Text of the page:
The past two months I have been watching various social media stories about how bad fall armyworm (Spodoptera frugiperda) pressure is in the states to the south of Iowa. There has been extensive damage in Alabama, Tennessee, Georgia, Kansas, and Missouri to name a few. As time has progressed the damage has moved north into Ohio, Indiana, and Maryland. The fall armyworm caterpillar will devour turfgrass by eating foliage down to the crown. The crown is then left exposed to desicate in warm temperatures. Golf course fairways, athletic fields and home lawns have all been damaged by fall armyworms in these states. On Monday I got the first picutres of egg masses of fall armyworms in Iowa.
We don't regularly see fall armyworms in Iowa, and they arrive with storms and winds from the southern U.S. The southeastern part of the U.S. has seen prolonged damage from multiple genrations of fall armyworms. Storms the past week or so have brought these pests to Iowa. The female moths have seemed to lay the eggs in places such as on the flag and flag stick of a golf course, trash cans, golf carts, and sides of houses. This is not normal. The eggs can hatch in a few days. Many of the young caterpilars will not make it to the turfgrass and will die. If you see the egg masses you can scrape them off with soapy water. Scout for damage and feeding once the eggs have hatched. Blanket applicaitons of insecticide are not recommended, and scouting for damage is best.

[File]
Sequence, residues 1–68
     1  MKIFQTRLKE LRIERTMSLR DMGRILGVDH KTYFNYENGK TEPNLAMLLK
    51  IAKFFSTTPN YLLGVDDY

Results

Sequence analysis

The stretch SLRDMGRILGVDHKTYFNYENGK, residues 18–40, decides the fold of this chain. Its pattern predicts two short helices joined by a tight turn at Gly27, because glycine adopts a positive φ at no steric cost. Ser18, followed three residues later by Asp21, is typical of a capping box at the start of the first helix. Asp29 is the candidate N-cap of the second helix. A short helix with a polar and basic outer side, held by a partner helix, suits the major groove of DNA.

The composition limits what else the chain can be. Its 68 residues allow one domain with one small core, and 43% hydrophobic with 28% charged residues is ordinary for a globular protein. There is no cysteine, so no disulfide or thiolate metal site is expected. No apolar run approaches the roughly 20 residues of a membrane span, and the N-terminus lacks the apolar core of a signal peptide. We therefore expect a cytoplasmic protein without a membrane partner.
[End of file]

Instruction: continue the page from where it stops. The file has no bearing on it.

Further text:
As of writting this blog I have yet to see any of the adults, however there have been some reports of damage from other ISU Extension Specialist. For more information check out this article in Horticulture and Home Pest News.